After a decade of neglect, equity issues are once again at the core of educational policy debates, but the nature of equity in the 1990s is different from in the past, especially with its inclusion of outcomes. This article explores some of these differences from two perspectives. First, although we know that many elements of outcome equity are feasible, there are significant implementation issues including outcome measurement, the quid pro quo between account ability for outcomes and governance, resource implications, the need for integrated services for children, the necessary role changes for teachers and principals, and the need for parents as partners. Second, the article summarizes the recommendations of a New York State Equity Study Group, which focused on the following three questions: (a) Can we develop definitions of educational outcomes and outcome equity? (b) Can we identify the alternative policies and programs that are aimed at redressing outcome inequities? (c) What actions are needed to allocate resources to support policies and programs that produce outcome equity?.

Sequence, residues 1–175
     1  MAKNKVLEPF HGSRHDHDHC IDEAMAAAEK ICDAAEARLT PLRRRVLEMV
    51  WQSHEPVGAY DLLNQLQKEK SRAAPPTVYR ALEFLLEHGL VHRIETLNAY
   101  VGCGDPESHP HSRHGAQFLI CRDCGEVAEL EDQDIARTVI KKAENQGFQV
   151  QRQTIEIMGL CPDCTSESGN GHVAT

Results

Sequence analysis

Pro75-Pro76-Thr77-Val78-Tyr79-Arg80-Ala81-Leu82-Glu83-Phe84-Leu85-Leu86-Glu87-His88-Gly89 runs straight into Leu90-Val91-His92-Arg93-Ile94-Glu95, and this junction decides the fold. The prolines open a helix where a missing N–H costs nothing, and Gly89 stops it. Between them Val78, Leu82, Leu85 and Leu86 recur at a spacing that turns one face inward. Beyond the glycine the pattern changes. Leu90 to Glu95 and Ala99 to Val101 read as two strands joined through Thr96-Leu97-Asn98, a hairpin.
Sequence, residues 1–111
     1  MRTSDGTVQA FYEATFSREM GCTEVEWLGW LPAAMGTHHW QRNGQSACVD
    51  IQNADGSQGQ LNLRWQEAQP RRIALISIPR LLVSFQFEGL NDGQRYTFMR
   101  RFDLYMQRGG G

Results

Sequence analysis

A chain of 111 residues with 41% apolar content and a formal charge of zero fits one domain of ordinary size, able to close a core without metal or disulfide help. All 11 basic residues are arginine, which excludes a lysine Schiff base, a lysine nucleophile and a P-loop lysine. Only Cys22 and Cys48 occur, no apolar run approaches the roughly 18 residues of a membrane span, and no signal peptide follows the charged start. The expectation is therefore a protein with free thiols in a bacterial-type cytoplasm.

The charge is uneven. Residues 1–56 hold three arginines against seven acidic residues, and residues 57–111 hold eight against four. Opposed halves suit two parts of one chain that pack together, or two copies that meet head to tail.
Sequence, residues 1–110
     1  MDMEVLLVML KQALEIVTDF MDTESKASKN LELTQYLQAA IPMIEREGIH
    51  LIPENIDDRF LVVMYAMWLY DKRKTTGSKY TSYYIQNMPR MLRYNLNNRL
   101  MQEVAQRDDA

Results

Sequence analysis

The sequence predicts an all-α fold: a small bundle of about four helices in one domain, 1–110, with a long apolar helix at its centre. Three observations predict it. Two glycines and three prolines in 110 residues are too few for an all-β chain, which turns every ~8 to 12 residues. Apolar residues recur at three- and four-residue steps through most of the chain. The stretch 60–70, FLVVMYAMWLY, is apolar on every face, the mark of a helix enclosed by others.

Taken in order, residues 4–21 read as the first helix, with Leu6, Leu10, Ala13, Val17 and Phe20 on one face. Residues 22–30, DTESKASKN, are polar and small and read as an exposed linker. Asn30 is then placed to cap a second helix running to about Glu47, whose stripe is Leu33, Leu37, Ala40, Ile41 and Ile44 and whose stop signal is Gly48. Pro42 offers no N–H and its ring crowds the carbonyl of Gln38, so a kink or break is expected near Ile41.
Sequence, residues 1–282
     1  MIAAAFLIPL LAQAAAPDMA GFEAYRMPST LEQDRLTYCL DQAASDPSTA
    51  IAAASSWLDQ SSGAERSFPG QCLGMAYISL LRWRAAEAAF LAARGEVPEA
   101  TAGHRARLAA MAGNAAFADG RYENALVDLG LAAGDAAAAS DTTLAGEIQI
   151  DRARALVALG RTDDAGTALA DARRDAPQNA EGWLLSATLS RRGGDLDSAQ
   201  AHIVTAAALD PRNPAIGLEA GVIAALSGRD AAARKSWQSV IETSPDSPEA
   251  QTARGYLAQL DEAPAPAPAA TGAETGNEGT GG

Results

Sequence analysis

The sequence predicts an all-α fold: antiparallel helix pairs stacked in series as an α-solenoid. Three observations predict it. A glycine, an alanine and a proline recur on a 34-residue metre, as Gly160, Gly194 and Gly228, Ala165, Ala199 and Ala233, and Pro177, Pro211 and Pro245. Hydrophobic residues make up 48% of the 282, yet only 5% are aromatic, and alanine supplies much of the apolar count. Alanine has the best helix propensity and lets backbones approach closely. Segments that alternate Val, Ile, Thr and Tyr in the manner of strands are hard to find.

ASJC Scopus subject areas